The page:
The Commonwealth Observer Group in Kenya have recommended early or advance voting for polling staff, security personnel, or other essential workers who are required to work on election day, away from their locations where they are required to vote.
Former Prime Minister of Jamaica Bruce Golding who is the chairperson of the 20-member group said that they would recommend to the Independent Electoral and Boundaries Commission (IEBC) to consider this issue in its post-election review to ensure that no Kenyan citizens are unintentionally disenfranchised in future elections.
Golding, addressing the press on Thursday commended IEBC for abiding by the constitutional provisions to allow prisoners to vote for the presidential position.
“Our group was able to observe prison voting in a number of locations. We noted, however, a significant proportion of prisoners did not have identification documents to enable them vote. We also observed released prisoners returning to prison to vote,” said Golding.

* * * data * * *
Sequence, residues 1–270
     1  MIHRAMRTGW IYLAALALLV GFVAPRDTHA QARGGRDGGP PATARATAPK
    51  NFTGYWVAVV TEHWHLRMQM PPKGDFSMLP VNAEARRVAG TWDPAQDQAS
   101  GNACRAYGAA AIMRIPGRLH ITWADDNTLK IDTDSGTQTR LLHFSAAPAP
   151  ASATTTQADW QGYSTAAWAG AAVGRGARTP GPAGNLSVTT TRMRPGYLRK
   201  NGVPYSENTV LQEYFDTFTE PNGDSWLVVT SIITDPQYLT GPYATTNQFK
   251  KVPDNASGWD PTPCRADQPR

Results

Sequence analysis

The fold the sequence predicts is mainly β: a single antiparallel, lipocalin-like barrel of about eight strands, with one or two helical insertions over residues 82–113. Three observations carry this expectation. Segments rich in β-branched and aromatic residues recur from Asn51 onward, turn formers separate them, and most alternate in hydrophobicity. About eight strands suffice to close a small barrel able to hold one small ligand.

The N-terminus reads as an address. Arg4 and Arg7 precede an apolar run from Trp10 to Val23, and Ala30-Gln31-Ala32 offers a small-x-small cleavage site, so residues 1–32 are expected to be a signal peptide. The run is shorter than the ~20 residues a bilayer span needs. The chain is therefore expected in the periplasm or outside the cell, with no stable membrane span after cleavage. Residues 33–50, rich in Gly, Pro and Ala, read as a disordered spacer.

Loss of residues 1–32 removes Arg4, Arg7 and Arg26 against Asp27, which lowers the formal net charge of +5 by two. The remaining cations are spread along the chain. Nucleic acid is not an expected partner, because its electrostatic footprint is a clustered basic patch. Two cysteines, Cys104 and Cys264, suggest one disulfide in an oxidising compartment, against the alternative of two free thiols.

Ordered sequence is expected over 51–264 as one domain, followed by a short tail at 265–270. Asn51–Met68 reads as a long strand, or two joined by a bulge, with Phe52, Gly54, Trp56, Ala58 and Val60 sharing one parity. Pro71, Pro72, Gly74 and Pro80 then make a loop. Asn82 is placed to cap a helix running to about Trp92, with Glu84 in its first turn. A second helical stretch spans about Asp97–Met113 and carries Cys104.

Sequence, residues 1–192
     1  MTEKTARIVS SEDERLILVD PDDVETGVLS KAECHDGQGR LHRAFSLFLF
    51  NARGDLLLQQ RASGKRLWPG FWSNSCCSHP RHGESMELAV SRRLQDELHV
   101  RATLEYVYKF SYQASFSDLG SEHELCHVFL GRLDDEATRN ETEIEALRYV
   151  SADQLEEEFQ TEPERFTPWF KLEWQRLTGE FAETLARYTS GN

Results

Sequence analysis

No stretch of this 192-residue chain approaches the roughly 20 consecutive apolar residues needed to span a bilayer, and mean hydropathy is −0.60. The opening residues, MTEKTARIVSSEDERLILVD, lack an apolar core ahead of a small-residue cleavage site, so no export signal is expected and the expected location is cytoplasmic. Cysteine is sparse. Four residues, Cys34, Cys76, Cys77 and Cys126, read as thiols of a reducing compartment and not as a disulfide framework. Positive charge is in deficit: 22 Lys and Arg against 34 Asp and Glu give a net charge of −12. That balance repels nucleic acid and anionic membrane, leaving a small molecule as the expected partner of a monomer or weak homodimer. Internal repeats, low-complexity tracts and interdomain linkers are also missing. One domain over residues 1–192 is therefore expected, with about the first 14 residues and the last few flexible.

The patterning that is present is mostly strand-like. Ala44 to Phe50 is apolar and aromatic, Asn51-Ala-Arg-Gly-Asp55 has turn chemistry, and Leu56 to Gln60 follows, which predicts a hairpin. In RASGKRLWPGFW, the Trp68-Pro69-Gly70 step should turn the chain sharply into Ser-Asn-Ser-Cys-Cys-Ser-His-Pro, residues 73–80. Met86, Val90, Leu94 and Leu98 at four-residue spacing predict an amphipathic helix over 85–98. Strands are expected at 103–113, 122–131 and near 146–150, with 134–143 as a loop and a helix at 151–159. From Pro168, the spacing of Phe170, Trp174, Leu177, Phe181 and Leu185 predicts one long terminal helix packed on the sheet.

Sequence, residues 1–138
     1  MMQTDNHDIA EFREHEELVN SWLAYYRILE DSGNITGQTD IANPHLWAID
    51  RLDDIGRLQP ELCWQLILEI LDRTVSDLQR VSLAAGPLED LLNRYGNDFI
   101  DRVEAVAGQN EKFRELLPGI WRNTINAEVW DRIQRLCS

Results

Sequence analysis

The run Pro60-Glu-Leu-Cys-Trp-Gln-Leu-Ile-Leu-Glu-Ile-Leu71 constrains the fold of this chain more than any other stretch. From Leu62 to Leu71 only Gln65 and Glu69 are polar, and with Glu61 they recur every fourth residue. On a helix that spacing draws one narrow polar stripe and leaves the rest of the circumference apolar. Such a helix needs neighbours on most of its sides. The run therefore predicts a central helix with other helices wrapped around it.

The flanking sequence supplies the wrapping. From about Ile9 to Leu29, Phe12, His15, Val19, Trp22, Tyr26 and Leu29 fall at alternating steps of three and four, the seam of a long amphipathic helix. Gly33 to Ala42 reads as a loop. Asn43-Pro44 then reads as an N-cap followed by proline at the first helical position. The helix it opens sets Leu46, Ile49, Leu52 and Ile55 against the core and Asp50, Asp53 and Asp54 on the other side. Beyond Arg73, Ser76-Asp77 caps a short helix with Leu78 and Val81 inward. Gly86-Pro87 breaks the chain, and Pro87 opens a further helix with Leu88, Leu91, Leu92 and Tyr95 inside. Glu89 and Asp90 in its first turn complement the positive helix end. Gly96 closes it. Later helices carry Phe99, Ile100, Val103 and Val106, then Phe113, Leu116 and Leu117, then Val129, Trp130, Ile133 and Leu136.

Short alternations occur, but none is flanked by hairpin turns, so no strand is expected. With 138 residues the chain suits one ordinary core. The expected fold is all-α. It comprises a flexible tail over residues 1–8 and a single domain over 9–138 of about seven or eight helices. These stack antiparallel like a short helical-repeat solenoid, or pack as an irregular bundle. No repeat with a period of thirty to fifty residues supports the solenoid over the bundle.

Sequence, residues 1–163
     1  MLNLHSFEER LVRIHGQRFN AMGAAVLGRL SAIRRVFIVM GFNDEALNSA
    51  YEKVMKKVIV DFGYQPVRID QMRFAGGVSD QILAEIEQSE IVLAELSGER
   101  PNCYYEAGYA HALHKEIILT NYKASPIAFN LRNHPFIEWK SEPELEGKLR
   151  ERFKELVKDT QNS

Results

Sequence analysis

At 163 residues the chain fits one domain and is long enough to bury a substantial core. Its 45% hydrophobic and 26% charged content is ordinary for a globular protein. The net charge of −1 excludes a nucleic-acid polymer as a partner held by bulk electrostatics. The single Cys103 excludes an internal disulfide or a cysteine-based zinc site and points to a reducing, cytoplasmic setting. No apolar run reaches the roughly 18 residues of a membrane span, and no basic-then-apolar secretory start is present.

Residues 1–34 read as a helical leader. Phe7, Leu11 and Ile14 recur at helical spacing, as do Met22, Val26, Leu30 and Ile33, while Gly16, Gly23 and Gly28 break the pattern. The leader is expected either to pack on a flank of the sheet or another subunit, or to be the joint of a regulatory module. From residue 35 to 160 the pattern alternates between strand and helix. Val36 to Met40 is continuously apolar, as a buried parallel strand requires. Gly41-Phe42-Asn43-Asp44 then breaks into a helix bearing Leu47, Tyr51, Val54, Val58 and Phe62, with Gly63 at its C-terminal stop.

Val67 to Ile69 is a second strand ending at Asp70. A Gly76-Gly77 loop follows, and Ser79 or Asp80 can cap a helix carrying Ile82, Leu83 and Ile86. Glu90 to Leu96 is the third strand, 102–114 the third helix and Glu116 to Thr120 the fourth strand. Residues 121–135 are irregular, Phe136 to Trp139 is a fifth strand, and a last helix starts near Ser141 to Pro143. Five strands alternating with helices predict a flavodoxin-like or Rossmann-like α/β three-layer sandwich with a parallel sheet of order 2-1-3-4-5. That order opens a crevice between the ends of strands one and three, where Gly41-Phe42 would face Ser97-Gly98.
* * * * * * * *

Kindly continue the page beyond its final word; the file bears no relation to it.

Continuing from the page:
He added that traditional media have covered the election process adequately by linking the outcomes of the elections to the economy, anti-corruption and governance.
Golding noted that there was a tendency to repeat unsubstantiated information and unwarranted criticism regarding the conduct of elections without checking the accurate position with the IEBC.
“While social media has provided a cheaper alternative for marginalized group and otherwise economically excluded aspirants to discuss their issues, stakeholders generally raised concerns about online mis and disinformation and hate speech particularly that which is an incitement to violence on social media by politicians and their supporters,” noted Golding.
He said that they deployed observers to 20 counties across the country and they were impressed by IEBC’s preparedness and the way the commission handled emergency issues including postponing polls in some regions and sacking polling officials who violated electoral rules and procedures.
By Joseph Ng’ang’a